The foundation of a good PR program is a well-connected media list. There are several ways to build one. You could pay for one. A number of services will assemble a targeted list for you for a fee. If you are in a particularly niche-y market like commercial printing or utility marketing, most of what you get will be garbage, in my humble experience.
You could spend years collecting contacts and organically building a community of editors and analysts. If you’ve got the time, by all means, this is a great way to build a list of people who actually know who you are. I have a very nice list I’ve cultivated in this way.
Media Influencers in a Niche Market
But what if you need something fast that’s outside your norm, a vertical market like non-profits or a certain type of user such as direct marketers? How do you find out who reaches and influences that audience?
You can spend hours building a niche list from scratch and still not end up with very much for your efforts. Believe me, I have. This approach involves lots of search and research, Googling and guessing, as you validate (or reject) one website after another.
Once you find an appropriate online media target, good luck finding the names of the editors and writers. It’s surprising how few media sites make this information easy to find. (It’s almost like they don’t want you to find them, hmmmm.)
An Alternative for List Building
If you’re introducing a product to a new market, or ramping up a PR program for a company that hasn’t had much of one before, starting from scratch or else buying a list are your most likely choices, but not your only ones.
If you want to save time and kick start a targeted media list in a niche market, one of the best free and fast resources are the trade shows and conferences that target your particular interest. Using the information gleaned from a conference site, you can accelerate the growth of your media list for a specific market.
Who Are the Conference Media Sponsors and Exhibitors?
For starters, look for media sponsors and media exhibitors to see who has an interest in this segment. Let’s go back to that SPTechCon example used in the last few WordScience blogs. If you research this conference site, you hit big time pay dirt with 14 print and PDF publications and a whopping 57 “influencer” portals. That’s 71 possibilities for your press list — an amazing result. If just half of those contacts pan out, you’ve done well. With niche media lists, it’s not quantity you’re after, it’s quality.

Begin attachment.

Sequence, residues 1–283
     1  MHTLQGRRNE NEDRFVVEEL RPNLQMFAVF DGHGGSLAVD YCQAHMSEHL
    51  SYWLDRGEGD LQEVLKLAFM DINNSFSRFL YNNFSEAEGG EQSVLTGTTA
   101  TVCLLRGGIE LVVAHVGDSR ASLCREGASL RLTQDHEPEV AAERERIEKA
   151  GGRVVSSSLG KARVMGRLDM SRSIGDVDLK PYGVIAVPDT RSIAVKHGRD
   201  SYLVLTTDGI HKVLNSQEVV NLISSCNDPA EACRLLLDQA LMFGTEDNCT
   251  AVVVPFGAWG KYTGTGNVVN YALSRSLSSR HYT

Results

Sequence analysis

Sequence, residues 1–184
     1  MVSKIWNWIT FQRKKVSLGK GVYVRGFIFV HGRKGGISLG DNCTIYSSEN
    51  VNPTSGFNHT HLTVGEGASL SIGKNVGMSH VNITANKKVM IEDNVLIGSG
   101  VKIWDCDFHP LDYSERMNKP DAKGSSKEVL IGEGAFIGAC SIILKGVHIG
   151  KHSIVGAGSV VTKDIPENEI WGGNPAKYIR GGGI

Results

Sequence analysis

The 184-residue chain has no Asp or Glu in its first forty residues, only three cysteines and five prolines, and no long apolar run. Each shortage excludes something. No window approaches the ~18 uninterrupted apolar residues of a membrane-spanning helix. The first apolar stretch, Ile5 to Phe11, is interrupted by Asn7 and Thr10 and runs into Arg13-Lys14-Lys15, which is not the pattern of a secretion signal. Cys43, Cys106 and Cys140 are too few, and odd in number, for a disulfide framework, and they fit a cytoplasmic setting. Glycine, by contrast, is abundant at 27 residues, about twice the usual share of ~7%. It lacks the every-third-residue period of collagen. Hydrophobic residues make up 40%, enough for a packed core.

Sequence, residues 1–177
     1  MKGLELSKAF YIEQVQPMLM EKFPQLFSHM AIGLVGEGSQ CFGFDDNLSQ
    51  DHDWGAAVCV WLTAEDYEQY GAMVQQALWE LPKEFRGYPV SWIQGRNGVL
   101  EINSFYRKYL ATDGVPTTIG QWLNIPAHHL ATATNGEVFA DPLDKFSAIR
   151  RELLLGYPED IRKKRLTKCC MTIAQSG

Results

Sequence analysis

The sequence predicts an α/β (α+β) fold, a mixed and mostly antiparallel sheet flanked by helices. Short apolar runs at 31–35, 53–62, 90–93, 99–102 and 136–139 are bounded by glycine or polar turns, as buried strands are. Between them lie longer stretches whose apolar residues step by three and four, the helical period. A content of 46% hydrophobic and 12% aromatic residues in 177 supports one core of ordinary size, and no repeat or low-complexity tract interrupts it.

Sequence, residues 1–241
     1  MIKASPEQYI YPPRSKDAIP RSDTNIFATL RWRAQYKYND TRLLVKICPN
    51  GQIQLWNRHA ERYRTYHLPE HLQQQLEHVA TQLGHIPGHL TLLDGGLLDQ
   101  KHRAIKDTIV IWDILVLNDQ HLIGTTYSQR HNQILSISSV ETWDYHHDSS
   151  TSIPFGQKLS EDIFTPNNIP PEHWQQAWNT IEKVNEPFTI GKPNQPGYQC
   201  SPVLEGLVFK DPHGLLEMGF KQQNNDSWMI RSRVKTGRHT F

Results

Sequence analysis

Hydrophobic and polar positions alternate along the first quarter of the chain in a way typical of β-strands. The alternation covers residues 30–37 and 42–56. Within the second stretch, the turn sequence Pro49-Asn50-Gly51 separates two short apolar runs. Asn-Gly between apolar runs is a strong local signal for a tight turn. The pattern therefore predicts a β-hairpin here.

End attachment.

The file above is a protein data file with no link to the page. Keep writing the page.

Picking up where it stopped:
You’re Asking for It: The Show Press List
Ask the conference PR manager or marketing director for the list of pre-registered press. Explain that you want it in order to develop your interest in the conference “as an exhibitor.” Even if they offer last year’s list, take it. The media won’t change that much, and what you really want is a website and the email formula, in case it’s not easy to locate current contacts. (You’d be amazed at how many sites make finding the editor’s email next to impossible.)
Next Step: Get Ready to Research
Once you know where the editors are, there’s still work to be done to build a list of contact names. Visit the publication websites, find specific editorial contacts, and scrub the ones that don’t cover the segments of the industry sandbox where you play. For example, a publication might have a writer focused on the federal market, or someone who covers networks. The masthead is your next level source for researching the media sites you found in the trade show information. (BTW, if you don’t have a PR background, you might not know that the masthead is where magazines list people like publishers, editors and contributing writers.)
Conference Media Information Saves Time
Just having access to this information as a starting point saves tons of time and avoids research rat holes. The good thing is, with the conference website as your media ground zero, you have the links and typically some background immediately available to help move your media research along. And the information is usually fairly current, even if it’s last year’s press list. The main media sites themselves won’t change that much.
Now all you have to do is start a spreadsheet of media contacts: emails, names, publications, and areas of interest. It’s VERY time-consuming and it’s best to do it yourself instead of delegating, but in the long run, it’s your best source for an affordable targeted press list for a niche industry.